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International Open Access Week: October 19 - 23, 2020

Open Access FAQ

 

What IS 'Open Access'?

Open Access (OA) is research literature that is digital, online, free of charge to access, and free of most copyright and licensing restrictions.

 

Is OA literature any good? Is it peer-reviewed?

While not every journal available for no cost on the internet is peer-reviewed, most OA journals adhere to the quality control standards of their disciplines, including the peer-review process.

Some OA literature, such as preprints (not yet refereed articles) that are archived in institutional or disciplinary digital repositories, will not be peer-reviewed.

 

How can this OA literature really be free? Doesn't it cost money to publish, even if it's just an online, digital journal?

Online OA journals cost less than traditional print journals, but yes, there still is a cost. OA journals may charge a processing fee (for peer review, manuscript preparation, and server space).

These fees may be paid by the author, partly subsidized by a professional society or academic institution, paid for by the author's employer, or by a funding agency, and in cases of economic hardship may be waived.

 

What does OA literature really matter? There are plenty of well-established journals already that have been around for many years. Why do we need these online-only journals and repositories?

Research is mostly funded by the public, via grants distributed by government agencies, then carried out by researchers for the common good.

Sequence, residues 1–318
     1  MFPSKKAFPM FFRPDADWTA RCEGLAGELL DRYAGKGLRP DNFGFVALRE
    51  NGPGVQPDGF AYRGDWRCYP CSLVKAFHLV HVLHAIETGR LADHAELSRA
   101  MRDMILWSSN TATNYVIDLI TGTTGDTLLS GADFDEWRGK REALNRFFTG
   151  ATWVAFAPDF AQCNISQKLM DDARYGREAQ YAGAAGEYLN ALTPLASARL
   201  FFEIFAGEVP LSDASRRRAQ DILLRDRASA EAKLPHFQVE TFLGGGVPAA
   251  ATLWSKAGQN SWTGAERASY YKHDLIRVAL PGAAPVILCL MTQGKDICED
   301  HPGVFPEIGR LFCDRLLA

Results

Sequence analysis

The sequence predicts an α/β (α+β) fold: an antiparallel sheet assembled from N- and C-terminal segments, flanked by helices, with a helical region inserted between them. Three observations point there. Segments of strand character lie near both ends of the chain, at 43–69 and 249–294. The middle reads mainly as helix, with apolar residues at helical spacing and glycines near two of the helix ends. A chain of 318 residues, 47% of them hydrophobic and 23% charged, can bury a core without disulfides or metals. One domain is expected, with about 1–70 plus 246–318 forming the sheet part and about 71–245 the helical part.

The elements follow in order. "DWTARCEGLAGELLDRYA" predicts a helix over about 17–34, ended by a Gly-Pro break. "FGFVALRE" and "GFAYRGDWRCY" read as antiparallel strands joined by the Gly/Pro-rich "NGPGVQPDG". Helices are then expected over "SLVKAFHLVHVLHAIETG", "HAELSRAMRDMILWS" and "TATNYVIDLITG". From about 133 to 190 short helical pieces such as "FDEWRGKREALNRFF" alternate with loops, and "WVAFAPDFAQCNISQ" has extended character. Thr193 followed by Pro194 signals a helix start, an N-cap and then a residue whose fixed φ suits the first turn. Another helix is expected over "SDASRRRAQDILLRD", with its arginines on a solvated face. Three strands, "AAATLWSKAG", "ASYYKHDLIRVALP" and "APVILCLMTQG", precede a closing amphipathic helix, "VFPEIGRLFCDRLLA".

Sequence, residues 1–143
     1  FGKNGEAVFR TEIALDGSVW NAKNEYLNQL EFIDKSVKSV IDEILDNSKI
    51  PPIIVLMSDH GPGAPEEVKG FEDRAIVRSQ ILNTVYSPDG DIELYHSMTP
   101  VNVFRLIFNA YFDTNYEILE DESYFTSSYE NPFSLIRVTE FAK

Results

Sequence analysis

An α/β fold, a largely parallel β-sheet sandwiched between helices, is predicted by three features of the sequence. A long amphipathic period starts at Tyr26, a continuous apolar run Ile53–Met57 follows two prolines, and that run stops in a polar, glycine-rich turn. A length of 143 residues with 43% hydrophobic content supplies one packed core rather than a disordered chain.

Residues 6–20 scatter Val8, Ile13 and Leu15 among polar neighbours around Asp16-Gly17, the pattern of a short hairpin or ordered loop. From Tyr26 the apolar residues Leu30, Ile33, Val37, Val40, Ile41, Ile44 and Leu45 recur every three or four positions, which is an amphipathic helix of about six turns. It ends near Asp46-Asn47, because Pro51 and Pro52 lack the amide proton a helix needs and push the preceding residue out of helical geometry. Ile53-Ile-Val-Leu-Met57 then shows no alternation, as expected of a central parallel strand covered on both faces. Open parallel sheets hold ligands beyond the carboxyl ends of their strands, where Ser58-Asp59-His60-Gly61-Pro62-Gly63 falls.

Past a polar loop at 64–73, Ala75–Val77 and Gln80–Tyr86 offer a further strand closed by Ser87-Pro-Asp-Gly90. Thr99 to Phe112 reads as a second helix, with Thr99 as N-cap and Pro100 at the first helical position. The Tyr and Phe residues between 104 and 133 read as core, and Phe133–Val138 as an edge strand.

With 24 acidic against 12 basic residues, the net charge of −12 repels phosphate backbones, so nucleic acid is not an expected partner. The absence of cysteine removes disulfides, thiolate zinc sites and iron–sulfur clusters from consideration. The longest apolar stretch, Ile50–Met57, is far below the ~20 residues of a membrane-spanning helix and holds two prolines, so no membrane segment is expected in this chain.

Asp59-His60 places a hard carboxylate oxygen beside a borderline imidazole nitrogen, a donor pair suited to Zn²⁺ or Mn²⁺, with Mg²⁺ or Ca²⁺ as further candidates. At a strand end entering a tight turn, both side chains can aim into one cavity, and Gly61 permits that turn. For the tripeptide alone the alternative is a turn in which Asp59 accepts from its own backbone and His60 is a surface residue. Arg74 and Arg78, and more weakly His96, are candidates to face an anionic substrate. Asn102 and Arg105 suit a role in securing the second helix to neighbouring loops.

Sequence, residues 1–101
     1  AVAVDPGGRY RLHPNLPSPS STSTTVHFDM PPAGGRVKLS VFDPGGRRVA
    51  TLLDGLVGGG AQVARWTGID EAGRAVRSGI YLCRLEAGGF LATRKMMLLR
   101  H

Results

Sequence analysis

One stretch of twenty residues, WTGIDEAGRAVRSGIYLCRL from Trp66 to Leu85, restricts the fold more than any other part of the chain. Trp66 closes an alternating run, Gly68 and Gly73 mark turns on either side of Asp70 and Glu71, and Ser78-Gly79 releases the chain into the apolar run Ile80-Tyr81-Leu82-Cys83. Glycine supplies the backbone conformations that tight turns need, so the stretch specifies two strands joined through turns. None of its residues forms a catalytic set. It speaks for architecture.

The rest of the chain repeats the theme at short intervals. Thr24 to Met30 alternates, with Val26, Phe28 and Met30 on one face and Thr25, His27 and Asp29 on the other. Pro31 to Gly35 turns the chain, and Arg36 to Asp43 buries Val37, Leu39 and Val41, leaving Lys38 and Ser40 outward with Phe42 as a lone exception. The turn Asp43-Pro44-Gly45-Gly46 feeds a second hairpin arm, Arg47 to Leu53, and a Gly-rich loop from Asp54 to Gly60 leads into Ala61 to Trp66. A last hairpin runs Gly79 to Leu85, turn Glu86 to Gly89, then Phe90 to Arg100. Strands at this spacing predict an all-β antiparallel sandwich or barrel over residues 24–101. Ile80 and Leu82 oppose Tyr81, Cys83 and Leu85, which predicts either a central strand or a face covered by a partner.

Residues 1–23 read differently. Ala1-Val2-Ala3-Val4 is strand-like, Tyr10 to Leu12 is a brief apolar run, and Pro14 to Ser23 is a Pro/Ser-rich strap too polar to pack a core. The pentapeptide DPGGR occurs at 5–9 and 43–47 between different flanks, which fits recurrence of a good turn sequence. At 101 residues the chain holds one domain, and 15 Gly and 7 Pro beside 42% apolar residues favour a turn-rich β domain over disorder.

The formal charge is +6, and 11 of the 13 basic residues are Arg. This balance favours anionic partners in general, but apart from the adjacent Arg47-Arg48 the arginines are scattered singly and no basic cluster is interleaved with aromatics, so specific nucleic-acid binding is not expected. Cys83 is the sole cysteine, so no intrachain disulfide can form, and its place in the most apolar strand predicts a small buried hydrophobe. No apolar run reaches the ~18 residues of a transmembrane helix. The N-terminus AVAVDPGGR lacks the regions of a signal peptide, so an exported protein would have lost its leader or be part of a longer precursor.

Yet when research results are distributed by legacy publishing companies, easy access to it is often restricted, by legal, technical, and financial barriers. Not only is the public in effect forced to pay again to access what they already funded, but new research techniques (such as data and text mining, possible now due to the internet) are blocked, and the free exchange of knowledge that fuels discovery and innovation is throttled.

This has led to the call for Open Access, an alternative to the old, traditional publishing model of decades past.

 

Ok, where can I learn more?

See our Open Access guide.

Some of the organizations advocating for Open Access include: SPARC* and The Directory of Open Access Journals (DOAJ).

Check out the Open Access Directory for an amazing listing of OA resources.

Open Access Week Logo

 

 

Did You Know?

  FSU has its own digital repository - it's a great place for faculty to archive their scholarship.

  Research has found a definite cost savings to the Public thanks to OA research literature (versus having just traditional subscription literature).

  There are over 15,000 Open Access journals listed in the DOAJ, and anyone, anywhere in the world can read them for free!

 
Sources

“Open Access Week.” Accessed October 17, 2020. http://www.openaccessweek.org/.
SPARC. “SPARC: Setting the Default to Open in Research and Education.” Accessed October 17, 2020. https://sparcopen.org/.